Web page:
Pharmaceutical Opinion or Insurance Fraud?

D1F507CE-3D45-41A1-8CEE-2B48ADDDF9BC.jpegHighlighting a drug interaction isn’t a pharmaceutical opinion. It’s an insurance fraud.

I often see a fax back of notification that the new prescription for ciprofloxacin has a drug interaction with the patient’s quetiapine. Or a patient’s new prescription for fluconazole will be dispensed, only to be told that the patient should contact the prescriber what to do with her current methadone dose, knowing that fluconazole has an interaction with methadone.

This isn’t a pharmaceutical opinion. This is professional tardiness, or passing the buck or fail to live up to your professional responsibility. Honestly, how can a pharmacist be charging a fee for professional opinion when there is no opinion given for the drug interaction noted?

Suggest few options if feasible, or identify risk factors that may render the drug interaction relevant or more significant.

In the case for drug interaction between ciprofloxacin and quetiapine, the minimum suggestion is to see if there is a recent ECG to assess for baseline QTc interval. Also review any relevant risk factors such as electrolyte abnormalities or cardiac arrhythmia. If one feels the management is beyond his or her scope, say so!

As for the interaction between fluconazole and methadone, the single dose treatment is likely for a vaginal yeast infection for which topical option could easily avoid the issue. Why ask the patient to take the dose and consult the physician how to manage the interaction?  What if the patient cannot contact the prescriber in time to manage the interaction?

A pharmaceutical opinion should have the following components:

1) Identify the drug therapy problem

2) Describe the significance and relevance of the problem. Sometimes it is irrelevant and should clearly state this if it is the case.

3) Provide some suggested management options.  Sometimes it only entails  monitoring with symptoms; other times, it may require lab investigations. In significant issues, identify alternative treatment options or dose reduction.

If a pharmacist isn’t willing to provide a complete pharmaceutical opinion, then don’t bill for the associated fee because it is an insurance fraud. It is also a professional disgrace.

Maybe my tone is a little harsh. But do you agree with me?

Thank you for reading my post.


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My name is Cynthia Leung and I am a practicing pharmacist in Kingston Ontario, Canada. This blog is for me to share my ideas, opinions and perspectives on how medications are used in our health care system. Note that these posts are my own opinions and do not represent the opinions of my current or former employers and / or organizations that I may belong to. Any possible case scenarios described in my posts would be modified to maintain patient confidentiality. This blog is not a platform for professional advise for patients or health care providers and the content is not meant to support any clinical decisions or replace professional opinions. Also the images are either taken or created by the author, or adapted with permission. I hope you will enjoy reading my posts!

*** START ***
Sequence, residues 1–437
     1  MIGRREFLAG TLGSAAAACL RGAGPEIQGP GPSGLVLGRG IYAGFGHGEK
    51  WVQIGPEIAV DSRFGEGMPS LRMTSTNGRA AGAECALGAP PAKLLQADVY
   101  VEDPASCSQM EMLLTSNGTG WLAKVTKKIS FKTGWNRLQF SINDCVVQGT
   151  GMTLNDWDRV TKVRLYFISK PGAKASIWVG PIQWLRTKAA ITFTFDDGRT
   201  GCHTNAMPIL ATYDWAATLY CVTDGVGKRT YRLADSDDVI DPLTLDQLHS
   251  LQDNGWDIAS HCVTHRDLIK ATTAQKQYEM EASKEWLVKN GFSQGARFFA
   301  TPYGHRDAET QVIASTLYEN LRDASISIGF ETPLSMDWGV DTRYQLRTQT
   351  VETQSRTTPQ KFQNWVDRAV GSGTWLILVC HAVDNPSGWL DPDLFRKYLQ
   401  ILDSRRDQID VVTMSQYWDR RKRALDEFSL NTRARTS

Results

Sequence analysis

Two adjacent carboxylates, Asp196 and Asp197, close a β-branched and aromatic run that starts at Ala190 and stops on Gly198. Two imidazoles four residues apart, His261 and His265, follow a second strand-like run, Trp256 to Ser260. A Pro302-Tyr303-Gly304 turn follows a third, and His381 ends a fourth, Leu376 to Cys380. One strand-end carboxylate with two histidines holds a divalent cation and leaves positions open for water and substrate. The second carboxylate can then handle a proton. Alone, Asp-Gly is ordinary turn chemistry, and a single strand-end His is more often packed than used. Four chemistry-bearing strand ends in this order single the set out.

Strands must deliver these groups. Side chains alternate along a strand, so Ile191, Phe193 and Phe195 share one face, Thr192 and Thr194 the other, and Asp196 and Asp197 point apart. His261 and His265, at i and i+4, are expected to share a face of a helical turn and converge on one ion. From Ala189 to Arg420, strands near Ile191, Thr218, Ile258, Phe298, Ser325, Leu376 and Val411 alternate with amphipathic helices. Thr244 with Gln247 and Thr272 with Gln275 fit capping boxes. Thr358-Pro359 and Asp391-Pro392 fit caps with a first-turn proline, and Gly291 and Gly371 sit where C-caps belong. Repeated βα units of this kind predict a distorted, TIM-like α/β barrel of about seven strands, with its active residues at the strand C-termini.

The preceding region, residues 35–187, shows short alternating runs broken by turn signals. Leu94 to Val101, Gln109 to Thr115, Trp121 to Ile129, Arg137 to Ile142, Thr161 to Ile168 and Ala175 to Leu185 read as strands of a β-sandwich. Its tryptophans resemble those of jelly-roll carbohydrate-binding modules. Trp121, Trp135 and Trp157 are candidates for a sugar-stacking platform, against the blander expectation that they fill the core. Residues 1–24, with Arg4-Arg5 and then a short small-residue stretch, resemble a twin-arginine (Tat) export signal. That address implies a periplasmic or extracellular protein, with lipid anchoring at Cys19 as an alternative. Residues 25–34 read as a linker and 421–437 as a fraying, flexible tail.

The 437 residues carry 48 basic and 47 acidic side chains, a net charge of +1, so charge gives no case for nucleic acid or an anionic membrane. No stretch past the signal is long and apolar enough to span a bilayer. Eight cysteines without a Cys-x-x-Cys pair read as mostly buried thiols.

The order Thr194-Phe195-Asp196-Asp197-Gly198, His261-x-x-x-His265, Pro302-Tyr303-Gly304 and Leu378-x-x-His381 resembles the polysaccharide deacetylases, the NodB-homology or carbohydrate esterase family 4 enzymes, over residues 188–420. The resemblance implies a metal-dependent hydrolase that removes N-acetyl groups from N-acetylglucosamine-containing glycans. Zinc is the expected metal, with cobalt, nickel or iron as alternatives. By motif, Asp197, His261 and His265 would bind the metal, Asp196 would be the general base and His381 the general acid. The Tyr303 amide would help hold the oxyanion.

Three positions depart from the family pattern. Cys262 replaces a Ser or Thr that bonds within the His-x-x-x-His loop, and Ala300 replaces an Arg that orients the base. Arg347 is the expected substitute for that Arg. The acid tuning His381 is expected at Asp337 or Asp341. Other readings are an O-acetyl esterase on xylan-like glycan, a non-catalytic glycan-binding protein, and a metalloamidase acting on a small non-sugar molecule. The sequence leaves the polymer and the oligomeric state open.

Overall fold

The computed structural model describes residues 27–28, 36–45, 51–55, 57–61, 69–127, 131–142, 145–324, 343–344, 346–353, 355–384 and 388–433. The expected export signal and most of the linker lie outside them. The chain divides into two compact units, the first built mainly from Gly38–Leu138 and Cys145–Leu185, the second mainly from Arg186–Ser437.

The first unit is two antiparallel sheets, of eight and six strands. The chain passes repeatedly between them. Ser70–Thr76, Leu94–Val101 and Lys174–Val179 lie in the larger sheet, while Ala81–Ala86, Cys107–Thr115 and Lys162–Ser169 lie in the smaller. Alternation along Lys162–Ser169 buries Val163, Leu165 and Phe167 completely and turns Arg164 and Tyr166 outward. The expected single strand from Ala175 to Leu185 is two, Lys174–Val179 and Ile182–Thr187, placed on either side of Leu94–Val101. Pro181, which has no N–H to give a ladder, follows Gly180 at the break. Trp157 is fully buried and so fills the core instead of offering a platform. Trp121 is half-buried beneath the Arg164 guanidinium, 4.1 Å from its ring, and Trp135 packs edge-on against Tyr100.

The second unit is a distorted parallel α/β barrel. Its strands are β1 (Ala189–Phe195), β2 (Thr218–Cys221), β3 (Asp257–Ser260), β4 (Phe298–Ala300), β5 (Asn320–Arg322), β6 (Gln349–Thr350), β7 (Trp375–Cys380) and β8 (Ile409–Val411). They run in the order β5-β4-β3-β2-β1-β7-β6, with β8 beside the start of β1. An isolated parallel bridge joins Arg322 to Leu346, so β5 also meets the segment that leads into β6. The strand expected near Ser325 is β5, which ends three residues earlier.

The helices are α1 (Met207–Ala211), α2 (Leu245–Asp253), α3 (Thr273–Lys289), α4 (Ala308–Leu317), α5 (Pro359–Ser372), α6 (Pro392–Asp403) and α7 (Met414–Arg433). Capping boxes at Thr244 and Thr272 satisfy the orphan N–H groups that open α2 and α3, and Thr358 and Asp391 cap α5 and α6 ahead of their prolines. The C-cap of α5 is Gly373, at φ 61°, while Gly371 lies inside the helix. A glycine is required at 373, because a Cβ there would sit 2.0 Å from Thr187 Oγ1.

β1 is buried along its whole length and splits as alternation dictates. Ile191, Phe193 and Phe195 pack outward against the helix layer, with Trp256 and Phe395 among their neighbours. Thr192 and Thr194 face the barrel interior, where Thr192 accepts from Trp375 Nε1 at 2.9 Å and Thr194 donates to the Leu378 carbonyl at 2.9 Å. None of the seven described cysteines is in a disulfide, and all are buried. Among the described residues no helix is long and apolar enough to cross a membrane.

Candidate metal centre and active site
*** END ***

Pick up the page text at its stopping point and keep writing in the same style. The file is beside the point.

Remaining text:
2 thoughts on “Pharmaceutical Opinion or Insurance Fraud?”

  1. Technology has made the drug interactions automatically available in the pharmacy. But the same technology is already in the EMR of many physicians and has already been considered and discussed with patient. eg got a couple of calls on adding carbamazepam to phenytoin re reducing phenytoin levels. Had already arranged phenytoin blood levels to follow. Also cipro with coumadin combo short course prompted extra INR level.
    When prescribing away from EMR, Epocrates on smart phones has an excellent interaction program, almost always used when drug added to multiple therapies.

    Liked by 1 person

    1. This is where I think adding a note in a prescription to indicate that one is aware of the interaction and has made arrangement to manage or monitor or whatever the plan is. Not all clinicians are on top of them but for individuals like yourself it really takes the guesswork out as well as avoiding unnecessary phone call or communication. I also suggest the same thing for allergies. If one is aware of the penicillin allergy and knows the patient has tolerated Keflex before, then it will save a phone call for everyone. community pharmacists don’t always know which EMR has the feature to detect drug interactions and whether they are reliable, often times to err on the side of caution they may communicate duplicate info or info not necessary relevant. This is why communication is important always.


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